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HealthInfo Canterbury

Iron overload (haemochromatosis)

Iron is a mineral your body needs to make red blood cells, which carry oxygen to your body. It is also needed for your muscles and for healthy hair, skin and nails. Iron also helps with brain functioning.

Iron overload, also called haemochromatosis (hee-mo-kro-ma-toe-sis), occurs when too much iron builds up in the body. If it's not detected, the high levels of iron can damage organs such as the liver, pancreas and heart.

Iron overload affects about 1 in 200 New Zealanders and is more common in New Zealanders of Celtic, Anglo and Northern European descent.

Primary haemochromatosis is the most common form. It's passed down through families. It causes problems controlling iron absorption from your intestine, and iron levels in the blood and body tissues. This abnormal gene is very common, with one in 12 of us being a carrier.

Secondary (acquired) haemochromatosis occurs due to other conditions (such as thalassaemia, or some anaemias), or as a result of multiple blood transfusions or long-term alcoholism.

While haemochromatosis can occur in all age groups, it is usually detected in men between the ages of 30 and 50 years and doesn't tend to produce symptoms in women till they're over 60 years old. The symptoms can include:

Diagnosing iron overload

If someone in your family has iron overload or you think you may have symptoms, see your doctor for a blood test. The main test is an iron saturation test or a raised serum ferritin level. A blood test can confirm if you carry the haemochromatosis genes.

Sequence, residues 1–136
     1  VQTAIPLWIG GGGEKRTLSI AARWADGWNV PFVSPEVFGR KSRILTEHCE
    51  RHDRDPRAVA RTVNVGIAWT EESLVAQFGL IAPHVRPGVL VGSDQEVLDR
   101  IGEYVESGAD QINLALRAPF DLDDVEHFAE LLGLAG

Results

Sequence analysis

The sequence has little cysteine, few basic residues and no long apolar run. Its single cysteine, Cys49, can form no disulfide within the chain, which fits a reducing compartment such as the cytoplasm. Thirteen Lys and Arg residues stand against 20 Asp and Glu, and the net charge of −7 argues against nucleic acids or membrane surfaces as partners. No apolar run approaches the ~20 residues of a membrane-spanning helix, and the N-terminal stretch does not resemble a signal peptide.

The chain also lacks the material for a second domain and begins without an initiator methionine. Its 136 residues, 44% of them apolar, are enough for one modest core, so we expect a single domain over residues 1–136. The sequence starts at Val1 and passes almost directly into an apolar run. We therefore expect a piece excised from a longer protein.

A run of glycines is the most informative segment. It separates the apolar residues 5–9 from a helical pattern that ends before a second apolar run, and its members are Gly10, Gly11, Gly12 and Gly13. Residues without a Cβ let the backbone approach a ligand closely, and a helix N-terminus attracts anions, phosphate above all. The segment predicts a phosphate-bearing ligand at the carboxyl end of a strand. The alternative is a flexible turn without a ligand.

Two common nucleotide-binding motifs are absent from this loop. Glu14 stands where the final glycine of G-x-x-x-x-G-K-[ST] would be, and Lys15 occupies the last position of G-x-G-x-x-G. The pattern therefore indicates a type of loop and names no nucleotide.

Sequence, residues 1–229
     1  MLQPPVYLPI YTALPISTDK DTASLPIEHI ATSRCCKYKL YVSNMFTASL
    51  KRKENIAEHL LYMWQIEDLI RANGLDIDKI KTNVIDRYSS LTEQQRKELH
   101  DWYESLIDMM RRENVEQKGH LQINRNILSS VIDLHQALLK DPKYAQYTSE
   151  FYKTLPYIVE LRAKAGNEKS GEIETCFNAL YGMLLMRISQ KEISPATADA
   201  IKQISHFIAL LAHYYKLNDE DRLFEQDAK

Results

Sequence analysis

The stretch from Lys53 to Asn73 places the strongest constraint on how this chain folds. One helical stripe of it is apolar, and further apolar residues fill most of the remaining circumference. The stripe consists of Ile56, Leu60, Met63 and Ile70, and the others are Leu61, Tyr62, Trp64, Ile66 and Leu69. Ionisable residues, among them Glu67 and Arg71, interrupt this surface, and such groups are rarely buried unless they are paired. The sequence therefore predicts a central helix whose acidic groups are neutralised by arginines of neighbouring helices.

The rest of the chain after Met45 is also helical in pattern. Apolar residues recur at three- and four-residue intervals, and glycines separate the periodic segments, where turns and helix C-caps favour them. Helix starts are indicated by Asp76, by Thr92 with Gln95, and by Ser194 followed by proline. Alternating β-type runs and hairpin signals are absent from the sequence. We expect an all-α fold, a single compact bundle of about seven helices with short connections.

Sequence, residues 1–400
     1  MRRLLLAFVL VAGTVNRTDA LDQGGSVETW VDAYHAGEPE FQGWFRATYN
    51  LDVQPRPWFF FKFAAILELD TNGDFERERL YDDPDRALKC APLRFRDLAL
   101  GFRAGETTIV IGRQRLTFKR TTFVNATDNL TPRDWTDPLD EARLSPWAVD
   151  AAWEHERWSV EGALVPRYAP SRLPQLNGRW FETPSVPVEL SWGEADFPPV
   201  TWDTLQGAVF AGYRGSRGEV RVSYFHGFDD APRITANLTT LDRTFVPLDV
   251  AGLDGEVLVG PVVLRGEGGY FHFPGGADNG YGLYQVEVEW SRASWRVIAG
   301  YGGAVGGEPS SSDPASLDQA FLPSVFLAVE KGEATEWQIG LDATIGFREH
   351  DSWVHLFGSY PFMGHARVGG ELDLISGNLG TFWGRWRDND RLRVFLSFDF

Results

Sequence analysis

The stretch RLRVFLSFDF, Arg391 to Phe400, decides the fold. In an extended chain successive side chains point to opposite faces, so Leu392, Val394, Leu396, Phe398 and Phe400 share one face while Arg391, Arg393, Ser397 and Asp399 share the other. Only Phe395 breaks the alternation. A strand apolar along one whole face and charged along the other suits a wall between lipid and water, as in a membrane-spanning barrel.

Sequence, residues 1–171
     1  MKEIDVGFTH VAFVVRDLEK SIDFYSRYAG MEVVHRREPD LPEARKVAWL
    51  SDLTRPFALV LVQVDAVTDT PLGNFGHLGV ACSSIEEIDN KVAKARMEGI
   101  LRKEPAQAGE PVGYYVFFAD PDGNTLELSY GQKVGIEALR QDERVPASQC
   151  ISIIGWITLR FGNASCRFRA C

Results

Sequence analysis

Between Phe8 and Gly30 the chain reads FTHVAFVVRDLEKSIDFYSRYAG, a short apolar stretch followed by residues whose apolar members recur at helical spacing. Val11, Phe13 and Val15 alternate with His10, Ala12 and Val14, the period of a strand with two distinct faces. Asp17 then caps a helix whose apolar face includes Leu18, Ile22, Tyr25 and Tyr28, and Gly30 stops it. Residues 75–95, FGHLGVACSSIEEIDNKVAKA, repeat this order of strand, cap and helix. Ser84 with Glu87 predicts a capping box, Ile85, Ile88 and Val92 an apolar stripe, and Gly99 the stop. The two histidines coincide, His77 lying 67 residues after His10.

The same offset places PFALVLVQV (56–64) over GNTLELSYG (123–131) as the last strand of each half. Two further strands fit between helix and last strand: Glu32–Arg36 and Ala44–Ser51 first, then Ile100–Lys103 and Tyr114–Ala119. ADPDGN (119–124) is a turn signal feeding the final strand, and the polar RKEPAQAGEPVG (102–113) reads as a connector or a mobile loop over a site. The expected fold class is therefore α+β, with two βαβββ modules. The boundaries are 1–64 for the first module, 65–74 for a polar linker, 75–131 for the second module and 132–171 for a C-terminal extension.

Sometimes other tests are needed such as:

If your brother or sister has haemochromatosis, see your doctor to discuss genetic testing. You have a one in four risk of having the disease and a 50/50 chance of being a carrier (able to pass the gene on to your own children).

Treating iron overload

The key goal of treatment for haemochromatosis is to remove excess iron from the body and treat any organ damage. The simple way to do this is by giving blood regularly. This is also known as venesection.

To start with, you may need to do this once a week, until the iron levels and iron stores in the body are back to normal. This procedure can then be done less often, depending on how much iron is in the foods you eat and how your body responds.

A useful record book is available from Leukaemia & Blood Cancer New Zealand to help you track your haemoglobin and iron levels.

If haemochromatosis goes undetected, iron builds up in organs and body tissues. Over time, this can lead to:

Self care for iron overload

If you have haemochromatosis, just changing the foods you eat may not be enough to reduce your iron stores, but you can try the following suggestions:

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Adapted from Health Navigator by HealthInfo clinical advisers. Last reviewed May 2020.

Page reference: 52886

Review key: HIHCT-16180